In the course of a lifetime, nearly everyone will lose at least one adult tooth. Most people will lose about 12 teeth before they die.
I believe it is essential for everyone to know that you should consider dental implants before you lose a tooth. Too often I’ve seen patients who decided to wait to deal with the loss of a tooth, resulting in bone deterioration that caused greater complications and costs for restoration, especially with dental implants.
So, my goal with this post is to get the word out – if you’re having a tooth extraction, plan on replacing the tooth with a dental implant, from a credentialled dental implant expert, right away.
Tooth Loss Is More Common Than You Might Think
According to the American College of Prosthodontists, about 178 million Americans are missing one tooth and about 40 million are missing all their teeth. Tooth loss increases with age with about 30% of adults aged 65 and older having no teeth at all.
What Causes Tooth Loss?
The most common causes are dental decay (cavities), gum disease, and tooth fracture. Gum disease can affect people as early as their 20s, with 15% to 20% of adults aged 33 to 44 having gum disease. Smokers are three times more likely to have gum disease than the general population. Plus, only 13.5% of Americans floss every day — one of the best ways to prevent bacterial build-up, tooth decay, and gum disease.
Avoid Bone Loss After Tooth Extraction
Bone loss following tooth extraction happens very fast. When a tooth is extracted, it includes the whole tooth from the crown you see above the gum line to the bottom of the root that connects to the rest of the body.
Normally, a tooth root is surrounded by bone, called the alveolar bone, which gives teeth the support they need to withstand the forces of biting and chewing. Once a tooth is removed, the surrounding bone begins to shrink – both horizontally (from side to side) and vertically (from top to bottom).
This shrinkage happens quickly; in as little as 6 weeks after the extraction. Most of the bone loss will happen in the first 6 months after the procedure but can continue for 18 months or more. Research shows that an estimated 50% of the alveolar bone width is lost within 12 months after extraction, 30% of which happens in the first 12 weeks.
When Losing Multiple Teeth
When multiple teeth are removed, the shrinkage impacts the entire arch. Imagine your teeth are like a tent. Now imagine you only have two posts holding the tent up — one at each end. Place pressure on the top of the tent and the whole thing caves in. The same is true when you lose multiple teeth. The shrinkage causes the entire arch to be less stable and more prone to shifting and shrinkage.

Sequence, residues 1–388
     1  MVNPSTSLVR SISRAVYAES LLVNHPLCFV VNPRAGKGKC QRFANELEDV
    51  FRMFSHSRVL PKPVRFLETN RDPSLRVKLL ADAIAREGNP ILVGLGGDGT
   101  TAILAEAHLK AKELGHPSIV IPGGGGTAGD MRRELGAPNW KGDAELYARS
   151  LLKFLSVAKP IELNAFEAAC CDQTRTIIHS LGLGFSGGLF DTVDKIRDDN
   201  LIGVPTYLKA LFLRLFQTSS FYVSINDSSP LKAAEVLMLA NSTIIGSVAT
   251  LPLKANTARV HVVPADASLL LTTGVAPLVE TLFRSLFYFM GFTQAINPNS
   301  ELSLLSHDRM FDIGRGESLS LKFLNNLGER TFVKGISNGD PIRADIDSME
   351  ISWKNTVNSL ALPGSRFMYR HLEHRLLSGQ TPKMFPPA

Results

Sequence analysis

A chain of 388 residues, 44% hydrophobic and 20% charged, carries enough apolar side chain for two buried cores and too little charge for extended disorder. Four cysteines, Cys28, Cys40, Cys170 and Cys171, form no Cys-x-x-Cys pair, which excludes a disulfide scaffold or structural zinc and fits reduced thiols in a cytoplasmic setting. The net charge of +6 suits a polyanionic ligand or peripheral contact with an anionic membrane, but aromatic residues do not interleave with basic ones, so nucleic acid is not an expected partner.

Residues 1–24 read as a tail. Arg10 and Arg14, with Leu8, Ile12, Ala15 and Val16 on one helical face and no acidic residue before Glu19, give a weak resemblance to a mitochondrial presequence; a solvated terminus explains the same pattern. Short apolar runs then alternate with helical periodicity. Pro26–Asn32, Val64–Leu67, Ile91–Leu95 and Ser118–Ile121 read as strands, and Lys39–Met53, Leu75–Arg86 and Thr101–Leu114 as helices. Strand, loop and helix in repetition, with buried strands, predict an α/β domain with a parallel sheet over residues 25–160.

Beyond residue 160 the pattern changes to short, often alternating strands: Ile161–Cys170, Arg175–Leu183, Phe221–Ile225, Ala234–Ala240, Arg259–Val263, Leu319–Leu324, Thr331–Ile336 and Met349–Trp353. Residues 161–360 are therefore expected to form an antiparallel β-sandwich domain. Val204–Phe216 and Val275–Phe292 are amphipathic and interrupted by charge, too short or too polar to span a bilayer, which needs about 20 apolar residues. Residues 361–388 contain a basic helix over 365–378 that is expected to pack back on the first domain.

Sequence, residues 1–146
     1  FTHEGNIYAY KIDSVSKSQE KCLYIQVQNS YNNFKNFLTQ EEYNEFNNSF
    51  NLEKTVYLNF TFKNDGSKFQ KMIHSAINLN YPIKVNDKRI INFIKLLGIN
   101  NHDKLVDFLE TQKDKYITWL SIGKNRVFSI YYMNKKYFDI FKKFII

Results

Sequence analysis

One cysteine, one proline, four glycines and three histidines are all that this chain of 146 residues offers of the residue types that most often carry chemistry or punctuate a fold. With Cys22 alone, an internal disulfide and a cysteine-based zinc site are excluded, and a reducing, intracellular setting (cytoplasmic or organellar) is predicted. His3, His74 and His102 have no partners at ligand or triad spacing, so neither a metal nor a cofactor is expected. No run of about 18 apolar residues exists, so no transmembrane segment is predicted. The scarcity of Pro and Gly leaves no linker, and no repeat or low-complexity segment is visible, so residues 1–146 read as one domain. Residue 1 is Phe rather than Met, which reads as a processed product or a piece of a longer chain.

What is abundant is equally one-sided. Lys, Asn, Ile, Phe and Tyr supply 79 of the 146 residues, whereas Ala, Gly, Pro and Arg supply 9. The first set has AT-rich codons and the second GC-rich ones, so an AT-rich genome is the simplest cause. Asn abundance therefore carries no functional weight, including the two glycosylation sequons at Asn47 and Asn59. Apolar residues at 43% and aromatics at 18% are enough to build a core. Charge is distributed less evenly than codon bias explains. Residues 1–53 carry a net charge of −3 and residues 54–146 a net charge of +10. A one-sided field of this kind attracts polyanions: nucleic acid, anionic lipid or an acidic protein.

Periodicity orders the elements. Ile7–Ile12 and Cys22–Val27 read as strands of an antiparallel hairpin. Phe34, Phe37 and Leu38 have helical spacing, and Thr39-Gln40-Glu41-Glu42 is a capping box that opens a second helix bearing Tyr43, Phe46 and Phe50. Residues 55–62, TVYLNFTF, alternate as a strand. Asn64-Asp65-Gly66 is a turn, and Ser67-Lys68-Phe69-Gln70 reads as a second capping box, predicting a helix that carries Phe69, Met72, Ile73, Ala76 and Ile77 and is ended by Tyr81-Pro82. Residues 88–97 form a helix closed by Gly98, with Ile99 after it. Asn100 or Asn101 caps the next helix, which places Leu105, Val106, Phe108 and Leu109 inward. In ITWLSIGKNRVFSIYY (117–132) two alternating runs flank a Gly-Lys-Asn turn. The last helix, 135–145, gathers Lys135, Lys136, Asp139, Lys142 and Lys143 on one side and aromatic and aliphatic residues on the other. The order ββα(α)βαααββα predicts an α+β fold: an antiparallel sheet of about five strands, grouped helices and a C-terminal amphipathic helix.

What are the Dangers of Bone Loss?
- Tooth extraction can affect neighboring teeth. Receding gums and bones can weaken the teeth next to the extracted ones. This can lead to misalignment, loosening, or even loss of neighboring teeth over time. Depending on where the extraction is in the mouth, the movement of neighboring teeth can also lead to changes in the way your face looks.
- Tooth extraction can weaken existing bone. When you remove a tooth and particularly when you remove multiple teeth, the surrounding jawbone gets thinner and shorter. This makes your teeth more susceptible to fracture from falls or other facial injuries.
- Delays in resolving the empty space after tooth extraction can lead to greater complexity and cost in the future. Of all the tooth restoration methods available (bridges, dentures, and dental implants) only dental implants replace the tooth root. The implant is embedded into the bone and allows the bone to continue to grow normally, preventing shrinkage and keeping the bone strong. But if the implant isn’t placed soon after the extraction, you can experience further bone loss, which may require bone grafting or more complex dental implant solutions.
A Final Word: Turn to a Dental Implant Expert!
Not surprisingly, I believe the best tooth restoration technique is dental implants because they replace the root, keeping your teeth secure and strong. Each case and each patient are different and require a customized solution. That’s why it is so important to seek out a dental implant expert with lots of experience with the many types of dental implants and surgical procedures.
AAID certification means your dentist has completed hundreds of hours of hands-on training. So, look for the AAID credential from the dentist you choose for your dental implants.
And remember, don’t wait to get your implants! Plan on beginning the dental implant process as quickly after your tooth extraction as possible – in some cases, it can even be done the same day.
Dr. German Arzate, DDS, FAAID, DABOI/ID earned his dental degree from the National Autonomous University of Mexico in 1988. He completed postgraduate work in surgical and prosthetic implantology, an advanced diploma in bone morphology, and a Bio Progresiva de Riquets diploma. He earned his AAID certification in 2016 and earned his credential as a Diplomate of the American Board of Oral Implantology/Implant Dentistry in 2018. He can be reached at firstname.lastname@example.org.